Tuesday, March 17, 2009

Goldman going for distressed debt

So says the headline.

It's a better read than, "Goldman props up investments with more money"

Goldman has a $15 billion fund that was supposed to engage in buyouts--instead it is buying $6 billion of debt with the remaining $9 billion left in the fund.

$4.5 billion to "stressed" and "distressed" investments (that's like Goldman's "sell" and "conviction sell" ratings except a conviction sell means that Goldman's prop desk needs that position down!)

$1.5 billion will go to firms that Goldman already owns to purchase their debt at a discount in the market.

The remaining $3 billion not invested will go to buyouts.

This weekend, we saw how Goldman was able to shore up their balance sheet with help from AIG.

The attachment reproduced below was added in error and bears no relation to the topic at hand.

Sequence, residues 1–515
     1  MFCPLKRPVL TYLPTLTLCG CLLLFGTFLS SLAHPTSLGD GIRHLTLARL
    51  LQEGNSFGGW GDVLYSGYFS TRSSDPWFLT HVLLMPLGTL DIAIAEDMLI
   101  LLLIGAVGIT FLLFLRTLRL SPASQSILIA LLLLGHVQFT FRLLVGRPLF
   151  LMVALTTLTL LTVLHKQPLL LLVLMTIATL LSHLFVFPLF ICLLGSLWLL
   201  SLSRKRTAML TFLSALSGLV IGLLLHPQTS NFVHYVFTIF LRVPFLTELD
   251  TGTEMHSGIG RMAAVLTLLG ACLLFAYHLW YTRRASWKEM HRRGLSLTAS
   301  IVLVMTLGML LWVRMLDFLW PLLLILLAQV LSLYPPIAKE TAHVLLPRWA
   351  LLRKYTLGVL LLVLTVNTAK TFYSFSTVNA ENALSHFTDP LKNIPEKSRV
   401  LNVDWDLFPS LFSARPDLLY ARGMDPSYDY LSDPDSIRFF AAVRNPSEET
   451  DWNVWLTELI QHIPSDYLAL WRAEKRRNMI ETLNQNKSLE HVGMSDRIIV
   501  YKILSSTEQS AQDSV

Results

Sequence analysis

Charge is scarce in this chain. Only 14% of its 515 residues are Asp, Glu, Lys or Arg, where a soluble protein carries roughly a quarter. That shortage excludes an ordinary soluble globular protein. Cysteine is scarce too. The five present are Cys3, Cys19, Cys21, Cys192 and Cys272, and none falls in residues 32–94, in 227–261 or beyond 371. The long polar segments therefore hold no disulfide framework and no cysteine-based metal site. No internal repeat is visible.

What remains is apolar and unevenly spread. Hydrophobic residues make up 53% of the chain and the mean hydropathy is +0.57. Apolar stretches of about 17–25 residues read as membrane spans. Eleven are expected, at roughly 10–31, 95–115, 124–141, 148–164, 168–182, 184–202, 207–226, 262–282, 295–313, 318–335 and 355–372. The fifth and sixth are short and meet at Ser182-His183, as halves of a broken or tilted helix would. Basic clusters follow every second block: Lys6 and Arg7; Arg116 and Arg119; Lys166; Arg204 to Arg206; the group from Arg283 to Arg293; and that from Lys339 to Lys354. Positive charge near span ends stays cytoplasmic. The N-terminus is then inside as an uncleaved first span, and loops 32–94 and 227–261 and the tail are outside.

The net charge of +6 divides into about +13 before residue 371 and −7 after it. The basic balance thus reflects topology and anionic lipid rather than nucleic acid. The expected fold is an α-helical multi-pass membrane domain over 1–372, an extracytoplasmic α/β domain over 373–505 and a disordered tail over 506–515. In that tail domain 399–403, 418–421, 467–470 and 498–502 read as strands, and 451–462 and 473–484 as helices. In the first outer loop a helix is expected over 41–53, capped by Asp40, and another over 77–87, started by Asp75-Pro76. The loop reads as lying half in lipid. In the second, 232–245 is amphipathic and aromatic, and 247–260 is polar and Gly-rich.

Now we have Goldman with it's private equity fund, being used to shore up those companies Goldman invested in!

And now Goldman is trying to shore up it's own partners!

But Goldman’s employees are losing money on their personal investments — particularly in Goldman’s own elite investment funds, which have been considered one of the perks of working at the bank.

Now these funds have stumbled, and some Goldman employees who financed their gilded lifestyles by borrowing in good times are suddenly short on cash needed to meet commitments to their personal investments in the funds.

But one former Goldman partner estimated that a quarter of the bank’s roughly 100 partners are now worth $5 million or less because of losses on their company stock and other investments.

So Goldman's partners now get shored up by Goldman loans, financed on the back of the US taxpayer!

It's the taxpayer circle jerk again!

With a new definition of "distressed" debt--Goldman's partners!

And you thought it ended with AIG!

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